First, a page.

Editors’ Picks: 10 Art Events to See in New York This Week
Don't sleep on these.
Tuesday, June 7
1. “Mal Maison” at Maccarone
Keltie Ferris, Harmony Hammond, Shinique Smith, and six other artists “whose works grapple with the portrayal of the female form by complicating, interceding in, and meddling with representations of the body,” as the press release states, share the stage in this exhibition organized by Ashton Cooper.
Location: Maccarone, 98 Morton Street
Time: Opening reception June 7, 6:00 p.m.–8:00 p.m.
Wednesday, June 8
2. Liz Deschenes and Eva Respini in Conversation at the New York Public Library
With the publication of her new book, photographer and sculptor Liz Deschenes will talk to Eva Respini, the curator behind her upcoming show at the Institute of Contemporary Art Boston, opening June 29. Writer and critic Lynne Tillman will also read a fiction piece written for the monograph, and the evening will conclude with a book signing.
Location: New York Public Library Stephen A. Schwarzman Building, Celeste Auditorium, Fifth Avenue at 42nd Street
Time: 6:00 p.m.–8:00 p.m.
Thursday, June 9
3. Gallery Talk: Alexandra Schwartz on Ed Ruscha at Edward Tyler Nahem Gallery
Alexandra Schwartz, the founding curator of contemporary art at the Montclair Art Museum and author of Ed Ruscha’s Los Angeles (2010) delivers a lecture on the artist, titled “Pop Life: Ruscha’s Ribbon Words” to complement the current show “Ed Ruscha: Ribbon Words,” curated by Dieter Buchhart, on view at the gallery through July 1.
Location: 37 West 57th Street
Time: 6:00 p.m.–8:00 p.m.
4. Gallery Talk: Eric Fischl at Skarstedt Gallery
To complement the current Eric Fischl solo show, “Rift Raft,” at the gallery (through June 25), the artist will engage in conversation with Modern Painters executive editor Rachel Corbett.
Location: 20 East 79th Street
Price: Free; RSVP to [email protected].
Time: 6:30 p.m.
5. “Patricia Cronin: Shrine for Girls, New York” at the FLAG Art Foundation
The FLAG Art Foundation presents an important and thought-provoking exhibition by Patricia Cronin highlighting the global exploitation of girls and women, based on recent events such as the Boko Haram kidnapping of 276 schoolgirls in Nigeria, to forced labor in Ireland’s Magdalene asylums. Following its presentation in New York, the exhibition will travel to India, Ireland, and Nigeria—the three locations of horrific events involving young women that inspired Cronin’s work.
Location: 545 Wes 25th Street
Time: Opening reception June 9, 6:00 p.m.–8:00 p.m.
Friday, June 10
6. The City Reliquary’s Collector’s Night 2016
Are you a fan of quirky museums? For one night only, the City Reliquary is bringing together all sorts of out there collectors. Enjoy everything from artifacts the infamous Nancy Kerrigan/Tonya Harding Museum and taxidermy from Brooklyn’s Morbid Anatomy Museum to vintage New York maps from Dan Lenchner and Phil Buehler’s artifacts from the old Conmar Zipper facilities.
Location: New York City Fire Museum, 278 Spring St
Price: $10 general admission/$5 members
Time: 6:30 p.m.
7. Trace the Future at the Japan Society
Catch the US premiere of Yohei Hatakeyama’s documentary about Naoya Hatakeyama photographing his hometown during the aftermath of Japan’s 3/11 disaster. The evening will include a Q&A with Yohei, and Naoya’s photographs are on view at the Japan Society’s current exhibition “In the Wake,” on view through June 12.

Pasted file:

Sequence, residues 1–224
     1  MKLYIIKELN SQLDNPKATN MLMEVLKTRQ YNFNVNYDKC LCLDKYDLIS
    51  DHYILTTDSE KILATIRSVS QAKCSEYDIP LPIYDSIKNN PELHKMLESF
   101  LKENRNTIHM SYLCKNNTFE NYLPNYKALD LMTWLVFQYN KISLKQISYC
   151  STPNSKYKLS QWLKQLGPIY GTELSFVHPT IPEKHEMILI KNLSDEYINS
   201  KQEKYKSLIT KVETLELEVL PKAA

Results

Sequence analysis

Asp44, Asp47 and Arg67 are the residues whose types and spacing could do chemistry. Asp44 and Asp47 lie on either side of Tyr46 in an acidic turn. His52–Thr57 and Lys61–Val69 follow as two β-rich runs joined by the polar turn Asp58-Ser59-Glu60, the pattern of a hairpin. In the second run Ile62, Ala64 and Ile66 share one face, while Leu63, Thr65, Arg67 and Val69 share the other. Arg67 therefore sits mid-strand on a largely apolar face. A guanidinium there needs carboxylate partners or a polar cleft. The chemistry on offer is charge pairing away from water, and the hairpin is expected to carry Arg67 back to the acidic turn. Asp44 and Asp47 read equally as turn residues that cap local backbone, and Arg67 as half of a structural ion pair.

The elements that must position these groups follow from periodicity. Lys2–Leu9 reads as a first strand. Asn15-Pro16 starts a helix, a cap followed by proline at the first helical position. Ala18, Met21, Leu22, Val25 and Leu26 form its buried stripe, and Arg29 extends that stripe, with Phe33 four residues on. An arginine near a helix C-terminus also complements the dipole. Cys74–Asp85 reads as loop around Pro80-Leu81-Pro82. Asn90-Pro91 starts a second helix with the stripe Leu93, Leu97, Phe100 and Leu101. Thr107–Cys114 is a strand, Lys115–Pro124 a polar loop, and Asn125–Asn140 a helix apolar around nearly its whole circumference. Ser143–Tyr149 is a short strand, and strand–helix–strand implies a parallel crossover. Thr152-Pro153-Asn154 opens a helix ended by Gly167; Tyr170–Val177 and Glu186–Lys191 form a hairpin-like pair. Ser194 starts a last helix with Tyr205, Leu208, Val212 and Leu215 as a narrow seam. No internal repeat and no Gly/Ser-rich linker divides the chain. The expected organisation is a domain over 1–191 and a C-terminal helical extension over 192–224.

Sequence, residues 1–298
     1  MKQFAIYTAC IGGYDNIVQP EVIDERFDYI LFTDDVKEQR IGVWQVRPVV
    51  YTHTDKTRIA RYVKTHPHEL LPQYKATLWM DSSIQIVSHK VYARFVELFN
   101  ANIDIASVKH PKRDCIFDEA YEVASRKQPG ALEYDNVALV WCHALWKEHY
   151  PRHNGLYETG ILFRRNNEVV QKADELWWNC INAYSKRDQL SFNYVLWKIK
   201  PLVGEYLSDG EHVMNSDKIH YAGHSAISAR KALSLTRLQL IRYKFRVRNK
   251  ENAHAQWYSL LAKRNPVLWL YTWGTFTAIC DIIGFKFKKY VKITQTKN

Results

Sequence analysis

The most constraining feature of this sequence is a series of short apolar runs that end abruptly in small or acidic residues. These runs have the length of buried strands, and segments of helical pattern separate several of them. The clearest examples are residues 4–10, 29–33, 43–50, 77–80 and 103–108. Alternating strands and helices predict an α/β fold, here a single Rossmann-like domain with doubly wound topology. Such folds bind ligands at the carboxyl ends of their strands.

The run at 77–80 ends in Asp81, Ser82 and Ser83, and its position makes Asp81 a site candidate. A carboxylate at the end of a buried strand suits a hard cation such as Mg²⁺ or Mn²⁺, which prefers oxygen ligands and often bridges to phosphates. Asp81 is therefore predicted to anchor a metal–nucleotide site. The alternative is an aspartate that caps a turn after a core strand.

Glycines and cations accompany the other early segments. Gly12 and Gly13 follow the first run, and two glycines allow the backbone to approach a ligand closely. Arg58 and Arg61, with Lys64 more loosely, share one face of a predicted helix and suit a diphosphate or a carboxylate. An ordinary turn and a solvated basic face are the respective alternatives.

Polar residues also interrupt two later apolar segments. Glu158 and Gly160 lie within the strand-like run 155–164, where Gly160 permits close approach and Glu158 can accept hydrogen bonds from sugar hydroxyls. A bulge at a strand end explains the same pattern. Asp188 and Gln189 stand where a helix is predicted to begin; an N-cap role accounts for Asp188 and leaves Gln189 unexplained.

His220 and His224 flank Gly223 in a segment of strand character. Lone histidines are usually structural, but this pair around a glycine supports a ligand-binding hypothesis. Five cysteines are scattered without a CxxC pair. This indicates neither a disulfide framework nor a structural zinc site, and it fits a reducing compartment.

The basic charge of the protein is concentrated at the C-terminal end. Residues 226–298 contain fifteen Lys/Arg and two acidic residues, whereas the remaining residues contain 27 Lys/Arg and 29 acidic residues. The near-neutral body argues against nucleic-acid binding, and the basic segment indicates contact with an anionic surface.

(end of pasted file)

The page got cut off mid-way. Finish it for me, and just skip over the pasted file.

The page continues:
Location: Japan Society, 333 East 47th Street
Price: $12 general admission/$9 students and seniors
Time: 7:00 p.m.
Friday, June 10–Thursday, June 16
8. Beth B, Call Her Applebroog at Metrograph
“I learned very early on how power works,” the artist Ida Applebroog says in the first few moments of Call Her Applebroog, the latest contribution from No Wave filmmaker Beth B, who is the artist’s daughter. The film is an odd and intense investigation of the 86-year-old artist’s life and legacy, and contains singsong interludes, as well as revealing moments about the artist’s struggle with depression, which ultimately contributed to the creation of works involving “representing the woman’s body as an object of desire,” as she states in the film.
The result? “MONALISA,” a collection of vaginal drawings that appeared at New York’s Hauser & Wirth in 2010, as well as a slew of other works over the past few decades that have contributed to the feminist canon.
Location: 7 Ludlow Street
Time: showtimes vary
Friday, June 10–Sunday, July 10
9. Derrick Adams, “On” at Pioneer Works
Hot on the heels of his success curating emerging artists at Volta, Derrick Adams’s solo exhibition at Pioneer Works features a handful of ambitiously large wall hangings “that function as both sculptural objects and backdrops for live performance,” the press release notes. The artist will be remixing television programs and “late-night infomercials” from the ’80s and ’90s during the opening, so get ready for a resurrection of much-memed TV psychic Miss Cleo.
Location: 159 Pioneer St, Brooklyn
Time: Opening performance at 7:oo p.m.; Wednesday–Sunday from 12:00 p.m.–6:00 p.m
Friday, June 10–Sunday, July 17
10. Damien Davis “Object | Affection” at Black Ball Projects
Artist Damien Davis gets his first solo exhibition in New York, featuring a colorful blend of mixed media works and textile-inspired sculptures informed by “cross-cultural encounters” and “visual ideograms” of the African diaspora.
Location: 374 Bedford Avenue, Brooklyn
Time: 6:00 p.m.–9:00 p.m.
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